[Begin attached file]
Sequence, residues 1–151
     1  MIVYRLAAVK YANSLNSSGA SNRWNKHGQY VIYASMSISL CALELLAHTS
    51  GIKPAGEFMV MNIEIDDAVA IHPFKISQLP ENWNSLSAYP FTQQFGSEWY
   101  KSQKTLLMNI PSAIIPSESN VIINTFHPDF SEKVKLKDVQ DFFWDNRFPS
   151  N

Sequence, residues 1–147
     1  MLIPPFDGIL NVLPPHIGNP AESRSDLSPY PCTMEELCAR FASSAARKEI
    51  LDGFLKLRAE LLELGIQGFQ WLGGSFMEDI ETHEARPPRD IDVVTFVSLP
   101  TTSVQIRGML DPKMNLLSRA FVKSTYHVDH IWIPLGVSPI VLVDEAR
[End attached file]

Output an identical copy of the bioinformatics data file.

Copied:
Sequence, residues 1–151
     1  MIVYRLAAVK YANSLNSSGA SNRWNKHGQY VIYASMSISL CALELLAHTS
    51  GIKPAGEFMV MNIEIDDAVA IHPFKISQLP ENWNSLSAYP FTQQFGSEWY
   101  KSQKTLLMNI PSAIIPSESN VIINTFHPDF SEKVKLKDVQ DFFWDNRFPS
   151  N

Sequence, residues 1–147
     1  MLIPPFDGIL NVLPPHIGNP AESRSDLSPY PCTMEELCAR FASSAARKEI
    51  LDGFLKLRAE LLELGIQGFQ WLGGSFMEDI ETHEARPPRD IDVVTFVSLP
   101  TTSVQIRGML DPKMNLLSRA FVKSTYHVDH IWIPLGVSPI VLVDEAR